Jurassic 5

Silent Uproar: First off, I have to say the new album is very nice. There's always that chance a group will fall into the sophomore slump, so it's nice to J5 rise above that.

Soup: Thanks…

SU: I didn't get a chance to head down to Atlanta to see the show when it was in town, but how was the Smokin' Grooves Tour in general? It seemed like it would an awesome time…

Soup: Yeah, it was. It was also cool to be in that company -- to be able to go out there and perform for the people and our show not lack. You know? People didn't expect J5 to come out there and hold their own against those groups, so it was cool to do just that. And personally, I definitely felt we held our own with our show and with the rest of those groups, even though we didn't have monster hits like some of them.

SU: So you're in the middle toward the end of the fall tour, has it been more enjoyable playing in clubs and intimate venues then the amphitheaters.

Soup: When you're in the venues and clubs, it's more intimate, as opposed to being somewhere like the amphitheater, [which] is not that intimate. It's really close, [because] the people are closer to you.

SU: You get more energy off of the crowd.

Soup: Yeah, you get more energy and people aren't worried about dressing up and all that. The bigger venues are cool, because you need that type of experience being able to perform in front of people like that. You can't always stay in your comfort zone. You've got to definitely venture out into that stuff too.

SU: How did people react to the new songs?

Soup: Great. [The reaction has been] very good…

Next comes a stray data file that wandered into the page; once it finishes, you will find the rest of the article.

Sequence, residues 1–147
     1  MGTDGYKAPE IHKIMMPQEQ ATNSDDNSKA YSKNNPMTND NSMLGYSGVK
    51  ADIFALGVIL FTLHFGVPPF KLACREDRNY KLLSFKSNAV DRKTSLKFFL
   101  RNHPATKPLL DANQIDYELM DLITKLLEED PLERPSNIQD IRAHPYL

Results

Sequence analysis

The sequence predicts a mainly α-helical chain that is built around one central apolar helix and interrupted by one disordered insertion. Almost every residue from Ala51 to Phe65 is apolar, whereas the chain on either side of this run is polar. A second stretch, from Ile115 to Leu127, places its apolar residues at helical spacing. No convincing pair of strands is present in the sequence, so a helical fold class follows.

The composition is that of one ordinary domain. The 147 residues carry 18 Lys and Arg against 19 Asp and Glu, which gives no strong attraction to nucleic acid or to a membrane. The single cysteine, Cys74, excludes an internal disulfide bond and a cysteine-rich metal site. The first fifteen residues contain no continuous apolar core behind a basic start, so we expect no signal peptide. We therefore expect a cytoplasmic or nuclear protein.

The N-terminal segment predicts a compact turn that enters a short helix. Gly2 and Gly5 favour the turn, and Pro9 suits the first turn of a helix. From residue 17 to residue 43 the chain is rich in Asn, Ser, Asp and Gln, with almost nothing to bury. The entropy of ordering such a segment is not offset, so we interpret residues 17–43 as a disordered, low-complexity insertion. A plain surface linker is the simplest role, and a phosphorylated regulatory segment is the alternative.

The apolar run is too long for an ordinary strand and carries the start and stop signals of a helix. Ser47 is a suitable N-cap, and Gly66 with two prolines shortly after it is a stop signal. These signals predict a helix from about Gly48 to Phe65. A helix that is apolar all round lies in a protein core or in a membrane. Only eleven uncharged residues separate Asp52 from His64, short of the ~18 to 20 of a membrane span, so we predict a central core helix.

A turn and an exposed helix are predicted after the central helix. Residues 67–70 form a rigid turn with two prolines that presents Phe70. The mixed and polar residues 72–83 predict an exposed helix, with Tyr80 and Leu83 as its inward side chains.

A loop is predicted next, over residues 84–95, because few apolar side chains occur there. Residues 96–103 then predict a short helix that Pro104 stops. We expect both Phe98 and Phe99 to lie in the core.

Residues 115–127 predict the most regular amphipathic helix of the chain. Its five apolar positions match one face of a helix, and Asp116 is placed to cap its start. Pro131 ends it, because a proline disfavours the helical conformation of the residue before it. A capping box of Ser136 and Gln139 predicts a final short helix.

SU: It's definitely still a good time, but it seems, on the whole, the album is a bit darker and edgier than Quality Control; just more minor melodies and heavier beats -- such as "Thin Line" and "Remember His Name". Was that something you were going for with this album?

Soup: Nah, it was just the state of mind. It's just the way we did it. It's not like we were like, "yo, let's make something…"

SU: Let's make something heavy…

Soup: Yeah, It wasn't like that. It's wherever the beat took us is where we went. We're just basically trying to do the best we could to make a better record. Better than Quality [Control], or, you know, as equally as good as Quality [Control]… which I think we did.

SU: Definitely. I thought of it as a step up, but at the same time it's just as good as Quality Control.

Well, "One Of Them" is definitely the hardest J5 track I've heard. What caused or inspired the group to record a track in that vein?

Soup: It's just about all the stuff that people say about us. All the stuff; all the "whatever", negative stuff they figure they got to say. The "we ain't this" or "we ain't that." It's just to let them know you can think that it you want to, but that's all they gonna do is think. We ain't running and hiding from nobody, you know? We just have to let people know, all that stuff you say about us, we're going to respond to it. You can't just say what you want to say and think you can call it a day.

SU: Since it's inevitable that people will read and write album reviews about Power In Numbers, do you think this album will quiet some opinions that Jurassic 5 was just kind of a novelty group? Because, I can only say that I'm tired of hearing about anyone calling J5 albums "a salute to old school hip-hop". To me, it's kind of redundant, because everything in hip-hop, regardless of how much it's distorted by producers and disposable artists, is a salute to old school hip-hop in its own way. It's been around for twenty years, but compared to jazz or rock-n-roll it's still a very new music form.

Soup: Right, right, it is man. Regardless of what they doing, all them people can vouch for those old-school cats. All them people know what time it is with them old school cats. So, you're right, man.

SU: I've read about how you all met, as two different groups that hooked up at open mic nights at the Good Life - but it's uncanny how well you all sound together.

Soup: Thank you for not asking me to explain that! Thank you!

SU: Most people wouldn't think that four MCs, delivering the same lines could sound good together. I think that the chemistry between the members of group really is something unique. How was it to feel that for the first time? You all delivering the lines together…